India ‘disappointed’ as China foils bid to blacklist JeM chief

India said it was “disappointed” by China’s move to once again stall its bid to blacklist Masood Azhar, the leader of a Pakistan-based armed group that claimed responsibility for the suicide bombing in Kashmir last month.

The February 14 attack that killed at least 40 paramilitary troops was the deadliest in Kashmir’s 30-year-long armed rebellion and brought the nuclear-armed rivals, India and Pakistan, to the brink of war.
Although the suicide bomber was native of India-administered Kashmir, the attack was claimed by Masood Azhar’s Jaish-e-Mohammad (JeM), an organisation Pakistan claims it has banned.
China on Wednesday put on hold a request by Britain, France and the United States to add the leader of JeM, Azhar, on a UN sanctions blacklist which would subject him to a global travel ban, an assets freeze and an arms embargo.
One of Pakistan’s closest regional allies, China has blocked three previous attempts by India to blacklist Azhar and said it needed more proof and time to examine the sanctions against the JeM chief. China’s move has put a technical hold on India’s bid which could last up to nine months.
In a statement, the Indian foreign ministry said it “was disappointed by the outcome”, adding it would continue to pursue all avenues to make sure “terrorist leaders who are involved in heinous attacks on Indian citizens are brought to justice”.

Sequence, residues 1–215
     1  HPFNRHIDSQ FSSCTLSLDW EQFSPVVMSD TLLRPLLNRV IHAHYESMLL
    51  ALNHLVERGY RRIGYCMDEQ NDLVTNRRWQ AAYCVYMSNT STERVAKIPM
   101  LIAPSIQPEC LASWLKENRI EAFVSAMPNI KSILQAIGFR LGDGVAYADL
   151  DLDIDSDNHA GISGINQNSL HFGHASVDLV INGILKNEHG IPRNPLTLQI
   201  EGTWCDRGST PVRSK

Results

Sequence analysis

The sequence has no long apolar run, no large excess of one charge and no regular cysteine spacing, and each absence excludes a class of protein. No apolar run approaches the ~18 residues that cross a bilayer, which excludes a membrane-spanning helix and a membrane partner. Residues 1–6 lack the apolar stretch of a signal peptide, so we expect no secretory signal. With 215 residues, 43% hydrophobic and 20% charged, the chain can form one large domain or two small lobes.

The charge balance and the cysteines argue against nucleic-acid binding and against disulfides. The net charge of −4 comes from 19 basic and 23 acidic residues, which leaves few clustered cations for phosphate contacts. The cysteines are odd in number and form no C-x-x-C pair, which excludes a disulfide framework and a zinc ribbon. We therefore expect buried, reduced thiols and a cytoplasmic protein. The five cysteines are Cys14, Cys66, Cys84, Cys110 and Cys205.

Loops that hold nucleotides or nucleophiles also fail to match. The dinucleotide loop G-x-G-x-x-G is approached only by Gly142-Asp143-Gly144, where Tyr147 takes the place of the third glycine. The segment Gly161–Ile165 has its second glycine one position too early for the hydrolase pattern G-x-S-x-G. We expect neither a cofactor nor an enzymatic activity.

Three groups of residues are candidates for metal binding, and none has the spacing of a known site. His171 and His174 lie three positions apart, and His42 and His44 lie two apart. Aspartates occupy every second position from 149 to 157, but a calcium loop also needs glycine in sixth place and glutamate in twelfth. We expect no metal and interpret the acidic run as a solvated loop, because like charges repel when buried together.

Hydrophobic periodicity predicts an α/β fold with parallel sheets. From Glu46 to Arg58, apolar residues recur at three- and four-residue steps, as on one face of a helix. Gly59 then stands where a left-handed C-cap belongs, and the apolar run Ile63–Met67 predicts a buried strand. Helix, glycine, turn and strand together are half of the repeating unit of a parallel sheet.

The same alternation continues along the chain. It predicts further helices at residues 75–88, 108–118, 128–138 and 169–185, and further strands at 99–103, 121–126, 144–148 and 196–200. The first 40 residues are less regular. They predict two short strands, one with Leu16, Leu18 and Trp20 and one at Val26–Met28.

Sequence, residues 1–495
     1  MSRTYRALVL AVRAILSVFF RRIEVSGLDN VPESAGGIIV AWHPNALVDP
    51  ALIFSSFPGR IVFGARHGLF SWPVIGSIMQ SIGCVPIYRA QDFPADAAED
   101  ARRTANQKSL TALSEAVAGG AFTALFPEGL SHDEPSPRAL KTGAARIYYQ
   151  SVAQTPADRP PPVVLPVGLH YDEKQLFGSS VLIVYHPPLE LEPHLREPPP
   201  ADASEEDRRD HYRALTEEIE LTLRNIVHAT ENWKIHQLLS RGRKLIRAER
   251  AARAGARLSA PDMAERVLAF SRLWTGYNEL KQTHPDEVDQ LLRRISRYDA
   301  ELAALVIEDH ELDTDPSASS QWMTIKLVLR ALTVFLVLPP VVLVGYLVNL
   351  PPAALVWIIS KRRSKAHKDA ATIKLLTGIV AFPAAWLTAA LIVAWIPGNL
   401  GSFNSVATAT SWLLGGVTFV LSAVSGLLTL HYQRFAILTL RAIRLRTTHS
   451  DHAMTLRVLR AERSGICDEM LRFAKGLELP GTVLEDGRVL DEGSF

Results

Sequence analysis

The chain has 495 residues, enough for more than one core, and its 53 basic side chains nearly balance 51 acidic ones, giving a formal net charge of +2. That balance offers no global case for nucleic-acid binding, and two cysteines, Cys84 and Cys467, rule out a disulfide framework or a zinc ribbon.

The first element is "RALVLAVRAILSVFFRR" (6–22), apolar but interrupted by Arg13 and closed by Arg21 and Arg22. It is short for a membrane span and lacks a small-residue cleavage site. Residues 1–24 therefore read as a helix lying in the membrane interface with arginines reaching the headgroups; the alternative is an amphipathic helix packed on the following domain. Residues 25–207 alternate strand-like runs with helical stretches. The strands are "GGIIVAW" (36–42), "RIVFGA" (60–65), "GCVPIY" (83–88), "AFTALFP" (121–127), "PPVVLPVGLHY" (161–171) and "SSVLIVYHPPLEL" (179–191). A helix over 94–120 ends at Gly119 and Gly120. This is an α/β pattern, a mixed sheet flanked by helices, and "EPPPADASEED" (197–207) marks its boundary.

Although Azhar himself has escaped attempts to designate him a global terrorist, the group he heads was added to the UN terror list in 2001.
‘Great Wall of China’
China’s decision was the top news across Indian media on Thursday, with the Indian Express headlining its report: “Jaish chief gets Great Wall of China”.
India’s main opposition leader Rahul Gandhi used the opportunity to mock Prime Minister Narendra Modi, who is seeking re-election in a national ballot starting next month.
“Weak Modi is scared of Xi. Not a word comes out of his mouth when China acts against India,” Gandhi tweeted, referring to Chinese President Xi Jinping.
Competitors for supremacy in the region, China and India have longstanding territorial disputes but Modi and Xi have tried to patch up ties, banking on their personal chemistry to smoothen differences.
China’s move on Azhar also triggered a storm of anti-Chinese sentiment on Twitter with #BoycottChinaProduct attracting hundreds of tweets.
China is India’s biggest trading partner, but the trade imbalance is skewed heavily in favour of Beijing.
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